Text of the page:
This is a piece that I wrote for someone about my experience in Paducah...
I am Victoria Terra. My husband, Michael Terra, is a sculptural ceramicist. We have lived part time on Lopez Island in WA State and part time in Saratoga Springs, NY since 1999. We make our living by selling Michael’s ceramic art at art shows. It has been our intention to live on Lopez full time but we realize that the way we make our income is not a good way for us to ‘make it’ on our beloved island at this time. We need time to grow Michael’s ceramic business to a point where we don’t have to travel as much as we do. We don’t resonate with Saratoga Springs and the family need that brought us here has come to an end so… we are in the market to move.
An artist friend of ours from San Francisco told us about the Artist Relocation Program (ARP) in Paducah, KY. We were intrigued and looked into the city’s incentives for artists. Here is what they offer for artists wanting to move into Lowertown (their historic arts district):
• Lowertown is dual zoned for commercial and residential use. This enables residents to have gallery/studio, restaurant/ café, etc. and living space all under one roof.
• 100% financing for purchase and rehabilitation of an existing structure or the building of a brand new structure.
• Basic loan package is 7% - 30yr. fixed rate up to 300% of appraised value.
• Free lots for new construction as available.
• City will pay up to $2500 for architectural services or other professional fees.
• National marketing of Lowertown Arts District and Paducah.
In our exploration we found other ARPs in the Midwest and Northeast. It became quite clear to us that Paducah’s program is the ‘mother’ of them all. It was started in 2000 and the city is committed to marketing its Arts District.
Michael and I decided to take a trip down there to ‘kick the tires’. We felt that the location was a good fit for us. Paducah is closer to most of the urban cities of our client base than either place that we live in now.
We were in Paducah for all of 2 full days and I walked away with a smile on my face. What a wonderful group of people (and not just the artists that we met). We stayed with Bill & Patience Renzulli in a room that they rent in their house. They couldn’t have been more hospitable to us. Bill and Patience are one of the first artists to have moved into Lowertown. They hosted a dinner party for us on our second night there and invited 4 other couples that live/work in the neighborhood. We had a delightful time full of the sense of support and community. At the end of the evening as we are all saying our good-byes, we were being hugged and given encouragement to come and live with these fine folks. Every person that I met invited me to come and make my home in Paducah; from the cashier at Krogers, to the owner of the coffee shop, to the waiter at the Mexican restaurant. Everyone was incredibly nice!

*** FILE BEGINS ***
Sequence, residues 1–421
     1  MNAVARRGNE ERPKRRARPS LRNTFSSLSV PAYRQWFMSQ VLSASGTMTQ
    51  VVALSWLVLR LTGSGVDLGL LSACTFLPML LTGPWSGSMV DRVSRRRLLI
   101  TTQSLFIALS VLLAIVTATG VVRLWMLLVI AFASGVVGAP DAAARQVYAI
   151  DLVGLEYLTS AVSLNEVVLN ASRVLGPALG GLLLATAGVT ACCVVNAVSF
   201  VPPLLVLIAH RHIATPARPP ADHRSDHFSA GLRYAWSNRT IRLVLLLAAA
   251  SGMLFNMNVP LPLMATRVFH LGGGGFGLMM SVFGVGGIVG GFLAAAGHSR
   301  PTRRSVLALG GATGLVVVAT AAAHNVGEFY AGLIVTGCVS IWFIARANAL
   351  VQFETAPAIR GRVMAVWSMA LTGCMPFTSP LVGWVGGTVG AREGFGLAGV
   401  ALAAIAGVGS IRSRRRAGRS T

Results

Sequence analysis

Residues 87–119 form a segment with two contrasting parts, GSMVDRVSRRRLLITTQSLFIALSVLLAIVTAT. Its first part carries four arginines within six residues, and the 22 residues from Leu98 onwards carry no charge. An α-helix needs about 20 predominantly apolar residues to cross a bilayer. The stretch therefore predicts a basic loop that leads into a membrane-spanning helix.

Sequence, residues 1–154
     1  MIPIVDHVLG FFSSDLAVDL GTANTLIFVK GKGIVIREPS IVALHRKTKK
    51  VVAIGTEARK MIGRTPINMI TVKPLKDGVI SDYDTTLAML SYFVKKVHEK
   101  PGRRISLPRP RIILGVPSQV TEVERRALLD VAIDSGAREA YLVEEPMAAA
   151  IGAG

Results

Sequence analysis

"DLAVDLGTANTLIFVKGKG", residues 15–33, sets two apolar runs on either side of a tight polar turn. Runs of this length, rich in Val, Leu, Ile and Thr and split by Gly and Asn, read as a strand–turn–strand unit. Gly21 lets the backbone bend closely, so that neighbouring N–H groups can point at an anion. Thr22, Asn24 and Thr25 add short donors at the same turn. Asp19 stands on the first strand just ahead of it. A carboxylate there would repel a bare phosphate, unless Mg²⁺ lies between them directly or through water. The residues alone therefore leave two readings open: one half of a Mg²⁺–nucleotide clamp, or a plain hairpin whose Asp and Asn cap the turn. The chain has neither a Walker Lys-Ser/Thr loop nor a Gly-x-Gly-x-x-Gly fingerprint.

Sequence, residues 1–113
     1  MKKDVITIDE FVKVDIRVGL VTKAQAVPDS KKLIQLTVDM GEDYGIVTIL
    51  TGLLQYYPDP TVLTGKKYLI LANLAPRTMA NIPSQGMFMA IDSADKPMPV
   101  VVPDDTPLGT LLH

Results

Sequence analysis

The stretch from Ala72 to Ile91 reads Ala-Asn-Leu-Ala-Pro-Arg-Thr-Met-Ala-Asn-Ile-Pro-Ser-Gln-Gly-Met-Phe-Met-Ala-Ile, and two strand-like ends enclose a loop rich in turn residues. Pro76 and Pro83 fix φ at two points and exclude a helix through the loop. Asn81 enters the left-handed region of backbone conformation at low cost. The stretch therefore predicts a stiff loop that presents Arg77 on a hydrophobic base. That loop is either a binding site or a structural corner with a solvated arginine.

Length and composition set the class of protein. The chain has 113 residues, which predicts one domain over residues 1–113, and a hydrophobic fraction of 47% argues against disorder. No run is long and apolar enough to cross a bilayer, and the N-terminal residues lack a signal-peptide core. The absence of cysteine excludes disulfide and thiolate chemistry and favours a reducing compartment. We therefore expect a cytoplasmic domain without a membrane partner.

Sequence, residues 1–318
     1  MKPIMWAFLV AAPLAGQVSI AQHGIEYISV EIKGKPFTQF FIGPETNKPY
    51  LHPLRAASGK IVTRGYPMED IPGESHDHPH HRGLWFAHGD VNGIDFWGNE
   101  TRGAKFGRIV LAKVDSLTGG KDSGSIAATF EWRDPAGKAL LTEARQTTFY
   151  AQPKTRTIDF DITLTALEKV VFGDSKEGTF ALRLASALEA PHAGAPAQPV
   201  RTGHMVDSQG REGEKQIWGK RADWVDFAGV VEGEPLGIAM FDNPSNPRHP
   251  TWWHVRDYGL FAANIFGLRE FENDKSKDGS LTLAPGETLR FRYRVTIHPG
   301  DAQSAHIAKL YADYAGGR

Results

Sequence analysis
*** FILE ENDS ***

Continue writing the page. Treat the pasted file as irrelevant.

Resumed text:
We sat in Paducah Bank with Larry Rudolph (the VP that works with the artists getting loans) and Monica Bilak (the representative for the ARP) and we heard all about the plans for the city. They are going to build a marina on the Ohio River, a River Heritage Museum, a convention center, and a new hotel complex. The city is revitalizing its downtown and it is going to be the home of the Paducah School of the Arts. There is a huge performing arts center, The Carson Center. My feeling is that this town is on the verge of exponential growth.
The only downside for us is that we are now on the second/third-ish wave of growth in Lowertown. The first wave of artists have come in and done beautiful renovations to old Victorians. The price of these beauties is out of our budget but there are still some ‘diamonds in the rough’ to be had. We looked at so many properties that my head is still spinning.
After being home for a week we have decided to make the move into Lowertown. Everything and everyone just felt ‘right’. So, we are going to look no further and my husband is busily putting together a proposal to the city for a house that we are very interested in.
I must mention here that it was made abundantly clear to us by many of the artists living there and by town officials that Paducah is not the place for a working artist to come and think that they are going to set up a gallery/studio in Lowertown and hunker back and live off of selling their artwork out their front door. Don’t get me wrong, there are many galleries that are doing well there. But if an artist walks in and thinks that they can have little savings to open up shop and solely depend on that for their income they are sadly mistaken. There are a percentage of artists that have come and gone solely for that reason. Luckily for us our income is primarily based on our traveling to art shows peppered with some wholesale accounts and gallery representation. We have every intention of opening up our own gallery/studio in Lowertown for another ‘small’ income stream. Hopefully we are not walking into this project with allusions of grandeur.
Go figure, I’m moving to Kentucky. I will now have lived in every time zone in the United States.
To find out more about the Paducah Artists Relocation Program go to their website at www.paducaharts.com.